By Owei Lakemfa
WITH all its pretentions to international democracy, liberty and the brotherhood of man, France on Tuesday October 27, 2009 opened its presidential doors to Mauritanian coup plotter, General Mohammed Ould Abdel Aziz. The General had on August 6, 2008 overthrown the democratically elected President, Sidi Ould Cheikh Abdallahi.
President Nicolas Sarkozy of France had backed the coupÂ by claiming that:Â â€œThe Mauritanian coup was not opposed or protested by any of the members of its parliamentâ€. Meaning that since parliamentarians with guns held over their heads did not protest, the coup was legitimate.
ObviouslyÂ acting on the advice of the French government, Aziz installed a puppet as acting President on June 26, 2009, peeled off his uniform and won theÂ July 18â€œelectionsâ€ supervised by his junta. An ecstatic SarkozyÂ declared that â€œthe election of Mohammed Abdul Aziz will make it possible to put an end to the uncertain transitions in Mauritaniaâ€.
For France, that deceptive act had transformed the coup plotters in Mauritania into democrats, and the military regime has now become democratically elected. Therefore, France can doÂ business with the coup plotters and get its allies in Europe to recognise the Mauritanian regime and resume aid suspended following the coup. It is like saying once drug money is laundered, it becomes legitimate and the rest of the world should do business with such drug barons.
Given Franceâ€™s positive disposition towards the Mauritanian military rulers, it will be logical for it to roll out the red carpet for the military butchers in Guinea, provided their leader, Captain Moussa Dadis Camara contests and â€œwinsâ€ the general elections the regime plans to hold on January 31, 2009.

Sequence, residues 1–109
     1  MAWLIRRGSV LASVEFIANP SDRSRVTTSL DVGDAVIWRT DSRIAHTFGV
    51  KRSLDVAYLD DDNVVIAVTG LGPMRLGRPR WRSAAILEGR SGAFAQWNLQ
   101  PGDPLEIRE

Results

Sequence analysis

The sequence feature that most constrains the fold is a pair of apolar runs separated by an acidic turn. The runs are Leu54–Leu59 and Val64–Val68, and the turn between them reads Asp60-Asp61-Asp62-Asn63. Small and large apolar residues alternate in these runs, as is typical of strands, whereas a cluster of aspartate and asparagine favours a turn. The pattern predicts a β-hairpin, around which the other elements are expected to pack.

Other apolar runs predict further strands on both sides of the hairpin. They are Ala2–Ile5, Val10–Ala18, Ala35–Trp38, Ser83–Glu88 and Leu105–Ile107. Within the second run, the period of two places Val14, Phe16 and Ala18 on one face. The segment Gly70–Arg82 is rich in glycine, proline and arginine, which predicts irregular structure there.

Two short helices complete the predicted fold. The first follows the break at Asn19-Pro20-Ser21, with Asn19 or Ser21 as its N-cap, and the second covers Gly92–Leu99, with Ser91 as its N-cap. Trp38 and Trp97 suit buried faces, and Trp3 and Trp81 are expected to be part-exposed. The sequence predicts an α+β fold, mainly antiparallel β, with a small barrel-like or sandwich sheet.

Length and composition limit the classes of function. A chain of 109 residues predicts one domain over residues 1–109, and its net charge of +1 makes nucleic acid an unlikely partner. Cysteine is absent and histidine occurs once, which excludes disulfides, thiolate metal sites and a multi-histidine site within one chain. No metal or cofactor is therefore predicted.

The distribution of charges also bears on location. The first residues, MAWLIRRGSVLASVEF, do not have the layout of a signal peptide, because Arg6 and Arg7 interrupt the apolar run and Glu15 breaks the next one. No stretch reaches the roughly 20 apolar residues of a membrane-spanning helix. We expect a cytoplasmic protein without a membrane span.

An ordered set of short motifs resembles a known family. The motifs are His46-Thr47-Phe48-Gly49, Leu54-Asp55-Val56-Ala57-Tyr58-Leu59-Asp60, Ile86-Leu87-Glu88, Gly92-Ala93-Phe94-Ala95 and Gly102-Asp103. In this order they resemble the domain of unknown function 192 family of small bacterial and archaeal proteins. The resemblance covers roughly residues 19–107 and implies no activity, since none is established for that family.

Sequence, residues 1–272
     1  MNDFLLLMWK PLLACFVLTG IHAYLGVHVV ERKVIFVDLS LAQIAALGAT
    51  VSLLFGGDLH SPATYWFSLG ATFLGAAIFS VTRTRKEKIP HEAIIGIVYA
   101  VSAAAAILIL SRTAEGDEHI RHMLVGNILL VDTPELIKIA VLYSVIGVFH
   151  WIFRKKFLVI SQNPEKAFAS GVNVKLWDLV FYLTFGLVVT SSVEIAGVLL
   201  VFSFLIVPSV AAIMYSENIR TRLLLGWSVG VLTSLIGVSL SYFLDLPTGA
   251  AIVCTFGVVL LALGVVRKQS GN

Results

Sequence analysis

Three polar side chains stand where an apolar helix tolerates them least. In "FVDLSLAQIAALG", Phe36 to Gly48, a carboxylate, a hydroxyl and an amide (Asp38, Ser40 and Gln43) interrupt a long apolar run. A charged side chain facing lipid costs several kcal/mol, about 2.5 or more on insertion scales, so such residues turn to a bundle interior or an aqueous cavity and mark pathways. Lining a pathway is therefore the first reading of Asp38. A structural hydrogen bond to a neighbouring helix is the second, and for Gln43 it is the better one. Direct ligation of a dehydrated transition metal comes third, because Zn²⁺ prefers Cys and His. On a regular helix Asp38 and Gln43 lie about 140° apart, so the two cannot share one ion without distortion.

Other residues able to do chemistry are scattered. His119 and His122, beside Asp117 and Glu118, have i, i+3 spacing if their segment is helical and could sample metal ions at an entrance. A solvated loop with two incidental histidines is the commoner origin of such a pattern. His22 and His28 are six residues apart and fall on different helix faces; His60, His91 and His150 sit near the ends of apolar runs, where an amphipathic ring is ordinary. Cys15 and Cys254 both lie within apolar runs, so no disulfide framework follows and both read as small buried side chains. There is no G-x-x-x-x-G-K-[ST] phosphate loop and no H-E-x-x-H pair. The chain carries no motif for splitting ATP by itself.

Military dictators legitimising their rule through dubious elections is an old trick played by people like General Gnassingbe Eyadema of Togo, Captain Blaise Campore of Burkina Faso, General Mobutu Seseseko of Zaire ( now DRC)Â and Lt Col Jean-Baptiste Bagaza in Burundi with France backing them. France had also padded the dictatorial rule of Omar Bongo in Gabon and has just assisted his son, Ali Bongo to polish his rigged elections and continue the corrupt anddictatorial rule of the Bongo dynasty.
France has an history of quite brutal colonial rule and of course greed. Even after Adolf Hitler had defeated it and it had lost its colonies in Indo-China, it greedily attempted to re impose colonial rule until its humiliating defeat at the famous battle of Dien Bien Phu in 1954 where within 55 days, the Vietnamese wiped out 13,500 French soldiers.
Some of its most horrendous massacres occurred in Algeria whichÂ France, with a million of its citizens living there, regarded as an integral part of metropolitan France. Although it militarily won the 1956-57 â€œBattle Of Algiersâ€ it could not hold the rest of the country nor conquer the indomitable spirit of the Algerian people.
In 1956, the United States, Britain and the IBRD (World Bank) decided not to assist Egypt, then led by Gamal Abdel Nasser to build the Aswan Dam which was essential for the countryâ€™s development. Egypt decided to nationalise its Suez Canal and use the revenue to build the dam.